Facebook is already reaching new heights in the world of social networking. However, the aim of the internet company is not just to succeed as a social networking site but also to expand its existing open source community.
Mark Zuckerberg had picked solutions like Apache, PHP and MySQL to build Facebook as a social platform back in 2004. This was the first big open source move by Zuckerberg. But that was not the only one. Since the official launch of the Facebook site in February 2004, the Menlo Park-headquartered company has developed several projects like React, React Native and HHVM to contribute back to the open source community.
“We see lots of advantages in bringing the community and industry together to openly share ideas about how to solve new engineering problems caused by scale, how to innovate faster and how to share insights into the sort of technical challenges that Facebook needs to address,” said James Pearce, open source head at Facebook, in an exclusive interview with Open Source For You.
The Facebook developer team under the guidance of Pearce and Zuckerberg developed the Open Compute Project (OCP) to bring the same creativity and collaboration to the hardware space that was initially limited to open source software.
“Through the OCP community, we have been able to break open the traditional black box of proprietary infrastructure and foster a collaborative and open community around the world,” Pearce said.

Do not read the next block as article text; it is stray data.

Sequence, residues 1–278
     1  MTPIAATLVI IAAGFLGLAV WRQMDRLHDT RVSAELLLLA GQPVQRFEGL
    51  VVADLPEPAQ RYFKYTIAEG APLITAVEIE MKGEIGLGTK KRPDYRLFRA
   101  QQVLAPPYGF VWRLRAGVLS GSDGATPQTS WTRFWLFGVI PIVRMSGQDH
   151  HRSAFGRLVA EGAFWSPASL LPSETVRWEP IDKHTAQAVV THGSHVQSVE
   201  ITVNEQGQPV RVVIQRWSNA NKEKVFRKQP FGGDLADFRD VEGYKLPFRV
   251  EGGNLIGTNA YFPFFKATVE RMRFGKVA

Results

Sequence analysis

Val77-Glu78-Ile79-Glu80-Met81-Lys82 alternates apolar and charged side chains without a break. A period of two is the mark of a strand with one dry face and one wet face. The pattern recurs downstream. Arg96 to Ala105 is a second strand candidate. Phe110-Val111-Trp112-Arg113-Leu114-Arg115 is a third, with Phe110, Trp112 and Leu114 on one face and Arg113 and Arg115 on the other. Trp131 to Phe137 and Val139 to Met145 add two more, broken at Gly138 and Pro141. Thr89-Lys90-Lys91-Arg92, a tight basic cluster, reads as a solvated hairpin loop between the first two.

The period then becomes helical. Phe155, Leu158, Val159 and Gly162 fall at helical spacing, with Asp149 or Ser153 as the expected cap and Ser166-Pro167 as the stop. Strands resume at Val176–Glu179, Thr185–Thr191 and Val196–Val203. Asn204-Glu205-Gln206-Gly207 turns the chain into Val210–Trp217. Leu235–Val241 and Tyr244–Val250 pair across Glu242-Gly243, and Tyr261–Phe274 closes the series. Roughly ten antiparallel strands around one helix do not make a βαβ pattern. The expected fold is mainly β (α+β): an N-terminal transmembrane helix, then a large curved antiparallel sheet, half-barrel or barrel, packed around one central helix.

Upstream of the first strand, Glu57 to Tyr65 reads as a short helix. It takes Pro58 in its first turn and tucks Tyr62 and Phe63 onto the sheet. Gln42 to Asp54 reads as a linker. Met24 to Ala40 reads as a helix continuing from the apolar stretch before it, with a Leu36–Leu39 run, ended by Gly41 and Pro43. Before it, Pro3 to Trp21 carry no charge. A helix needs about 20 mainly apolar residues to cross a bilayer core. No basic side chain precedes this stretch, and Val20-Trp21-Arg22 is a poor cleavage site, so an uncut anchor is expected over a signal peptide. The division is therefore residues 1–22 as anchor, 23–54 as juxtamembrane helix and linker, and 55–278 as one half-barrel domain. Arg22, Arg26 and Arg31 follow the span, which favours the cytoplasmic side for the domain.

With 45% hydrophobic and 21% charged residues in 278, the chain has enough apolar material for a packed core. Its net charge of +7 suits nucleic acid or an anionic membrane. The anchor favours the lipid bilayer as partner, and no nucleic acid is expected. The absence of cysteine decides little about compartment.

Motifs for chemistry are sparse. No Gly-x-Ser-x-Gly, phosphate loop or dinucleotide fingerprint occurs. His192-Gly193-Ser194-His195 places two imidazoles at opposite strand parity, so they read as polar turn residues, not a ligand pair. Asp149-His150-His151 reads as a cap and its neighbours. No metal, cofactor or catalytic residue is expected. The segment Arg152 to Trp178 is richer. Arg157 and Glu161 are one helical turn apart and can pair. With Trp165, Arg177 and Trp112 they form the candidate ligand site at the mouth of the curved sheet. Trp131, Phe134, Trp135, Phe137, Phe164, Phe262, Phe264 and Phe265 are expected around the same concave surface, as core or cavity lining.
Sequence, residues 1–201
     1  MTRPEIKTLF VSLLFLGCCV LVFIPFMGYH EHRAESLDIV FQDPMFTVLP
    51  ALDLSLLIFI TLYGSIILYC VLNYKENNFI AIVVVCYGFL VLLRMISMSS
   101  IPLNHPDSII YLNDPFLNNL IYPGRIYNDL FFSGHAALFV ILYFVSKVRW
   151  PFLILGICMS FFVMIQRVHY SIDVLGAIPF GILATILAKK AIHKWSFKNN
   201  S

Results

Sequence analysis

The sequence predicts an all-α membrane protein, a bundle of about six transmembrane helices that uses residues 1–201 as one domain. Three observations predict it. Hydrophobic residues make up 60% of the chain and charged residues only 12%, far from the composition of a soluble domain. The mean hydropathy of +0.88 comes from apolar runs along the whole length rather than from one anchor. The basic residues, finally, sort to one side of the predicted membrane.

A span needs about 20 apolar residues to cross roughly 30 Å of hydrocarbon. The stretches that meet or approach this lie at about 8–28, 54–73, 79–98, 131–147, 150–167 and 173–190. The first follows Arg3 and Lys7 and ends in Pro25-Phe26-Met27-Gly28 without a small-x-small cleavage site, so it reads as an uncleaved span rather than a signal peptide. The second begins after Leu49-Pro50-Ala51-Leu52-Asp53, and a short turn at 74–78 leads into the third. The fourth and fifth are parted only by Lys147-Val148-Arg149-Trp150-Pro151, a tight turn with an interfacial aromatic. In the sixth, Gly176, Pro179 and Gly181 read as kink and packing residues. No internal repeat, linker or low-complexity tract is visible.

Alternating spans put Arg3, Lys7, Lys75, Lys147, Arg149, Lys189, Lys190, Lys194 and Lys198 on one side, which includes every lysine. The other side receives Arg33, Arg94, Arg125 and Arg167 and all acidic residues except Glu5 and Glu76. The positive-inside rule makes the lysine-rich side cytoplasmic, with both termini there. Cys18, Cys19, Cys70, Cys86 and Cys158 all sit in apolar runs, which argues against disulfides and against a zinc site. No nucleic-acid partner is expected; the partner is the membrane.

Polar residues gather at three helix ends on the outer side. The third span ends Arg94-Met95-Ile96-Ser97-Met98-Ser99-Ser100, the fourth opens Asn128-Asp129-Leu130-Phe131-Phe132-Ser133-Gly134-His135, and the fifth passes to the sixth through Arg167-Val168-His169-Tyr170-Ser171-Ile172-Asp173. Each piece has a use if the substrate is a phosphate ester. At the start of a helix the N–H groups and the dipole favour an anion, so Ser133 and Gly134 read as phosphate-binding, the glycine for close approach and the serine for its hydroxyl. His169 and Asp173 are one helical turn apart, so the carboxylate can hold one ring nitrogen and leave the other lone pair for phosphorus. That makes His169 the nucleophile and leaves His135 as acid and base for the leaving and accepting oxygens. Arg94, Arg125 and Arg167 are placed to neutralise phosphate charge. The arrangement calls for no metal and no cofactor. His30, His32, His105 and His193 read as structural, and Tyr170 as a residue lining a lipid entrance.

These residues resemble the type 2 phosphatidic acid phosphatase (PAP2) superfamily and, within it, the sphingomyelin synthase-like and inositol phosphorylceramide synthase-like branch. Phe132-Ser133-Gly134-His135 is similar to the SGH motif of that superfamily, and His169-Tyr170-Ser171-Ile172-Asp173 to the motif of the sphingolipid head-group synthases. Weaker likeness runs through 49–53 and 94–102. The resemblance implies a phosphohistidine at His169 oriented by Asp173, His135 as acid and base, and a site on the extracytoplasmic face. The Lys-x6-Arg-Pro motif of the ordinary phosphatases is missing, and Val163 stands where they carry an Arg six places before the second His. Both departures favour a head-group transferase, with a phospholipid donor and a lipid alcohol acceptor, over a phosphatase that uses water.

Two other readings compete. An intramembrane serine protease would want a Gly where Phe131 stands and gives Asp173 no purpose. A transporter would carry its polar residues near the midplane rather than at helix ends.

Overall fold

Although various worldwide regions are closely working with Facebook to expand its open source projects, India is considered as the largest country for developers building with Facebook outside of the US.
“India is an important country for Facebook, and the largest country for developers building with Facebook outside of the US,” Pearce told Open Source For You.
In addition to open source contributions, Pearce stated that the whole APAC is one of the fastest-growing regions for developers building with Facebook. The company is also helping individual developer communities grow their presence using FbStart programme.
“We created FbStart, a programme designed to help developers and early-stage mobile startups build and grow their applications. India provides the most FbStart members in APAC,” Pearce revealed.
Going forward, Facebook is set to move beyond traditional developer platforms and choose emerging concepts like artificial intelligence and machine learning. Pearce also detailed the efficiency of opting open source solutions over some proprietary ones.
Catch the full interview James Pearce and read about Facebook’s upcoming open source moves in the October issue of our Open Source For You magazine. To subscribe, visit the website today.